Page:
The administration of President Joe Biden, both formally and via anonymous reports, announced twin policies to ease the financial misfortunes of the communist government of Cuba and its proxy socialist government in Venezuela, leaving leaders in both communities dismayed and confused.
The State Department announced a series of measures on Tuesday that would create a cash windfall for the Castro regime: the return of an exemption to the barely existent embargo known as “group people-to-people” travel – effectively legalizing tourism in groups to the island if disguised as “educational” – and the lifting of caps on sending remittances to the island set in place under former President Donald Trump. Tourism and remittances are key sources of revenue for the communist regime, whose military maintains a stranglehold on everything from money wiring enterprises to luxury hotels.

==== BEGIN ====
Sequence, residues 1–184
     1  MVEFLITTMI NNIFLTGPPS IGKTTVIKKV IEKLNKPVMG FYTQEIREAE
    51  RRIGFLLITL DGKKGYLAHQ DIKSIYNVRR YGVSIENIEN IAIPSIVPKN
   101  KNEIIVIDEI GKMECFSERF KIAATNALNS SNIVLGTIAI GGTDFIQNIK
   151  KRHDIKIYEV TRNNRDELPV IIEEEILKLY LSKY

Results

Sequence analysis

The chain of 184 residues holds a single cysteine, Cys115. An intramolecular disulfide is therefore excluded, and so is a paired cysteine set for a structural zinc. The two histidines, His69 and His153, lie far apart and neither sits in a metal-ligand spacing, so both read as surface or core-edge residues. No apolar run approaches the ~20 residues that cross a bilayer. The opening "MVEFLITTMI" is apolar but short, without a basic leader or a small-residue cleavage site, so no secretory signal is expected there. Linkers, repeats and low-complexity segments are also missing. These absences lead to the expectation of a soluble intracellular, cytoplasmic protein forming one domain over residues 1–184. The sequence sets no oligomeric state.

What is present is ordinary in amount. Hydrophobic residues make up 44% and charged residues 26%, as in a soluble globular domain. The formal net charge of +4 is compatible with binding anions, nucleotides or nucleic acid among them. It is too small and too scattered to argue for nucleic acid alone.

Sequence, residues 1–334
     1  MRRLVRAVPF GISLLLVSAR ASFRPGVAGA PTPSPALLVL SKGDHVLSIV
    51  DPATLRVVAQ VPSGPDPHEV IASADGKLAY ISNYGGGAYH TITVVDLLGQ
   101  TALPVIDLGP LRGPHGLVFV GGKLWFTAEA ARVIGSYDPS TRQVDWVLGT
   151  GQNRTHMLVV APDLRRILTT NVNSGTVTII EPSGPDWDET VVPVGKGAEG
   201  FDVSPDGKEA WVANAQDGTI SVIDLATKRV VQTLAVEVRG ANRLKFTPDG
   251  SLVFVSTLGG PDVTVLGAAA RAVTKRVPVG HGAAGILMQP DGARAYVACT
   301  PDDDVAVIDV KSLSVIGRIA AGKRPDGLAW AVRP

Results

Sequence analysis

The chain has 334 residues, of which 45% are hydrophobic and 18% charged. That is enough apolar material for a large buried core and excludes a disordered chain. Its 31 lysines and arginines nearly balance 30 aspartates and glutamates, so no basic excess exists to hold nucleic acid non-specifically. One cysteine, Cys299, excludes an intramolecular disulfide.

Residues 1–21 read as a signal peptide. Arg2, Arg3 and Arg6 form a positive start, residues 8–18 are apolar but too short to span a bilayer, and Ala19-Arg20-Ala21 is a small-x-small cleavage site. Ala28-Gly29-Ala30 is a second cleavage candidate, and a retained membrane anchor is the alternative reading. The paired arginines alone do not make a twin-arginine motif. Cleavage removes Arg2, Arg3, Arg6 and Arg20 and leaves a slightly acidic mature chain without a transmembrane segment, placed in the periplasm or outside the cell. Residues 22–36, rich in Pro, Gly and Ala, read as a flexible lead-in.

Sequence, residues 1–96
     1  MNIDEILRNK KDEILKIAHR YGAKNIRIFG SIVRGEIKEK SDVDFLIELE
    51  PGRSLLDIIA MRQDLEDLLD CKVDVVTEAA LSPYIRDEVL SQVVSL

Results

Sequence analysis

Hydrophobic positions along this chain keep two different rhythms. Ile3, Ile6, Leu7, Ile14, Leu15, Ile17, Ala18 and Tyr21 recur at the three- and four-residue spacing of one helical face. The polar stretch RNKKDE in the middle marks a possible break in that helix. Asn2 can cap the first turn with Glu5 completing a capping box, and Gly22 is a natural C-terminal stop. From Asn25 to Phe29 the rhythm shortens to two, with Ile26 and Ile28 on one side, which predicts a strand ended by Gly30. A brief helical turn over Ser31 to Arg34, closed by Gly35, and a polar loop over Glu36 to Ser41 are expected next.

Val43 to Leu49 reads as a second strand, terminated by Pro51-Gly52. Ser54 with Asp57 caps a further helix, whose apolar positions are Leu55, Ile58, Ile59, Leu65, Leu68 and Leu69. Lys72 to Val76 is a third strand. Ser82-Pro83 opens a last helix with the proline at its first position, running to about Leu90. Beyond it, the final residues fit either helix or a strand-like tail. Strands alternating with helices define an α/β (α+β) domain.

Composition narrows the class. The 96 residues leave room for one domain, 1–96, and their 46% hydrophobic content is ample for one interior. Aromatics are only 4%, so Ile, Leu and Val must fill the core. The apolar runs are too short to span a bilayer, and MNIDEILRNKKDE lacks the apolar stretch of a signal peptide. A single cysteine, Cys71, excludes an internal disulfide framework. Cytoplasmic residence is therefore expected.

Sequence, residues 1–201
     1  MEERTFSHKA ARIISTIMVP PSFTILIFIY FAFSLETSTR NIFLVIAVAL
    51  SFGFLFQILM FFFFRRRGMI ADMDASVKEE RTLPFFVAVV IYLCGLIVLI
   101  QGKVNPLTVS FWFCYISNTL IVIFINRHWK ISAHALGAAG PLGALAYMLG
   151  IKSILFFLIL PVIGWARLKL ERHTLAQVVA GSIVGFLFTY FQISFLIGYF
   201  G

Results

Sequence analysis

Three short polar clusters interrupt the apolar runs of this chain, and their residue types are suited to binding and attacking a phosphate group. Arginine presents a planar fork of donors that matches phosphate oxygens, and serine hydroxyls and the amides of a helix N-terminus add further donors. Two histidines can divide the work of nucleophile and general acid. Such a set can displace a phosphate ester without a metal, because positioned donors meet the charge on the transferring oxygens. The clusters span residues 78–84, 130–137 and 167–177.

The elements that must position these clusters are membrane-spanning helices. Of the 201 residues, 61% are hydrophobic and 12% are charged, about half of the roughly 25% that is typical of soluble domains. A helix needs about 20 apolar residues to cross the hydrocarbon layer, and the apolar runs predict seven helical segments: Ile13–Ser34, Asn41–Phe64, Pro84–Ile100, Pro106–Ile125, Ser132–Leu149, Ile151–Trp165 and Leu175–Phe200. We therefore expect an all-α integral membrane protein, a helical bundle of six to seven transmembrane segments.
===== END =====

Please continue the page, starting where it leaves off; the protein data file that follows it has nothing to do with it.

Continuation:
Later that day, multiple reports quoting anonymous Biden administration sources revealed that the White House would soon allow the oil corporation Chevron to resume business talks with Petróleos de Venezuela (PDVSA), the Venezuelan regime-run oil company, and that it would lift sanctions on one person: socialist dictator Nicolás Maduro’s nephew, a former PDVSA official.
Both announcements preceded widely derided talks with both regimes. In March, Biden sent a delegation to Caracas to discuss, reports claimed, potentially resuming the purchase of Venezuelan oil to offset sanctions on Russia. Since Venezuela’s regime is heavily indebted to Russia, any payment for Venezuelan oil would likely go directly to Moscow, anyway. A month later, Biden’s team held a meeting with the Castro regime, reportedly to discuss refugees fleeing the island in droves after the violent repression of suspected political dissidents — including the shooting of suspected supporters of democracy at point-blank range in their own homes — and heading to the southern border. After President Barack Obama ended the “wet foot/dry foot” policy that allowed Cubans who made the 90-mile sea voyage to Florida to stay in the country legally, Cubans began using visa-free travel to countries like Guyana and Nicaragua to take the routes human traffickers control out of South America to Texas.